April 11, 2012

MOVIES: Damsels in Distress (Whit Stillman, 2012)

It's been 14 years since Whit Stillman's last film. After a series of abandoned projects and financial struggles, he's back with Damsels in Distress, and it's not nearly at the level of his fine work in the 90s.

The setting is Seven Oaks College, where a group of young women headed by Violet (Greta Gerwig) run the campus Suicide Prevention Center; Violet's philosophy is that dancing -- tap dancing, in particular, but all forms of popular dance, really -- is the key to boosting the spirits of the suicidal. The new girl on campus is Lily (Analeigh Tipton), who isn't terribly convinced by Violet's theories, but joins her group anyway.

We follow the romantic misadventures of the four, watch as Violet attempts to singlehandedly create a new "international dance craze," and learn about the sexual quirks of the Cathars. But mostly, I'm afraid, we sit in astonishment at how heavy, leaden, and plodding the movie is, with none of the lightness or charm that marked Stillman's earlier work.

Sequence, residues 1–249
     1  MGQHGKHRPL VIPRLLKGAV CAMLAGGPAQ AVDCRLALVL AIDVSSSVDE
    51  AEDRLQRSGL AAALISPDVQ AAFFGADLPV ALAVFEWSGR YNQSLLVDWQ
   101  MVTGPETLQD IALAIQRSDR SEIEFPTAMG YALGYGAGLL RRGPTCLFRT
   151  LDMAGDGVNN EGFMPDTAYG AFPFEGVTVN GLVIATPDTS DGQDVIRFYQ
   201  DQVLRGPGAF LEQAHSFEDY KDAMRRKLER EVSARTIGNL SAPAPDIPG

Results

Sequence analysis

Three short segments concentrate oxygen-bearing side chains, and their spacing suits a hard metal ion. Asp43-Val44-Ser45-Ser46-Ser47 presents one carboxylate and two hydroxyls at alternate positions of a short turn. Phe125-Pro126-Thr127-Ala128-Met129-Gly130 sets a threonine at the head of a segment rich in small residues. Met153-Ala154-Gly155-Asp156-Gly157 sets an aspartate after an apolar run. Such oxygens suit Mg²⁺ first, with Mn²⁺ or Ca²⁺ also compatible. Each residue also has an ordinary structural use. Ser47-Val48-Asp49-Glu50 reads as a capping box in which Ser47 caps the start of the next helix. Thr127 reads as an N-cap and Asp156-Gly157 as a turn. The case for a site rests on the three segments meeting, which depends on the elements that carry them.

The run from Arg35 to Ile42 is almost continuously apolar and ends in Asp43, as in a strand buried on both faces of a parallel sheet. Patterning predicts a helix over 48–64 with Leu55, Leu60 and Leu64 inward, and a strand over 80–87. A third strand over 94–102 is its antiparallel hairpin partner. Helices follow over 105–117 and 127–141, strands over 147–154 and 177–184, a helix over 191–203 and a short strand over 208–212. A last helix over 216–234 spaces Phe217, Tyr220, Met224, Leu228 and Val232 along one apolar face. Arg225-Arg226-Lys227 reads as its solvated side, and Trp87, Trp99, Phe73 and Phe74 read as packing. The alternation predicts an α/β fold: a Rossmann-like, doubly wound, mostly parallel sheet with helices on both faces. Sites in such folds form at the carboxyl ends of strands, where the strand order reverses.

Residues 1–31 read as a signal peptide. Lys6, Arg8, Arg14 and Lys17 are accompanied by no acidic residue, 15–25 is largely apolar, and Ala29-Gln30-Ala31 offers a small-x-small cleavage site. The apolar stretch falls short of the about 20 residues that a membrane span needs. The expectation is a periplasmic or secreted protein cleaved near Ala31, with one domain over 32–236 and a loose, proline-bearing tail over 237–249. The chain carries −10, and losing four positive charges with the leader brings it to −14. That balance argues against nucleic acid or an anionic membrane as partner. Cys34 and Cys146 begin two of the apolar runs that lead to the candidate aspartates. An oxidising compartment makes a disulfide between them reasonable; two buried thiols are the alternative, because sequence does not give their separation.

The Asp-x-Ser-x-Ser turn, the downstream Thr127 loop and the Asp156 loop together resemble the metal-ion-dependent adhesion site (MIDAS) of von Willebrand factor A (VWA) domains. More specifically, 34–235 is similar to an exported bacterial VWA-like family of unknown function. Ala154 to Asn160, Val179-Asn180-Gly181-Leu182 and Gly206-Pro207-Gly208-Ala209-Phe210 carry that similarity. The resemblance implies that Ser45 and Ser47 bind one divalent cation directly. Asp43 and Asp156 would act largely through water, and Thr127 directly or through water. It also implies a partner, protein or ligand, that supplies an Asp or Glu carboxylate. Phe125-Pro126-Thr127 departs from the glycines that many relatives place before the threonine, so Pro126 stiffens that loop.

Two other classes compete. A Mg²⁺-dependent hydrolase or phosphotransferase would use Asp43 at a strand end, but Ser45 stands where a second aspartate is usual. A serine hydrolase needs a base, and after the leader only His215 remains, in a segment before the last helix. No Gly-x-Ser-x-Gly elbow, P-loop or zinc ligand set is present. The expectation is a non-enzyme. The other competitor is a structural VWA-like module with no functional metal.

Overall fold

That's largely due to casting. Stillman's dialogue is fizzy stuff that needs to fly with the lightness and speed of screwball comedy, and no one here has the right touch. Gerwig is the worst of the bunch, and since she's at the center of the movie, we're in trouble all the way through. Adam Brody comes closest to the proper style, and Megalyn Echikunwoke gets more laughs than the script deserves with her repeated chastisement of men for being "a playboy, an operator type."

There are a few jokes that work -- a riff on whether "Xavier" is spelled with an X or a Z that turns into the sad story of the forgotten Xorro, a warning sign at the Prevention Center that "donuts and coffee are for the suicidal ONLY!"

But there are too few of them, and even they don't muster much more than mild smiles. By the time we get to the final dance number, we're no longer capable of being charmed, even if the number were up to the job of doing so.

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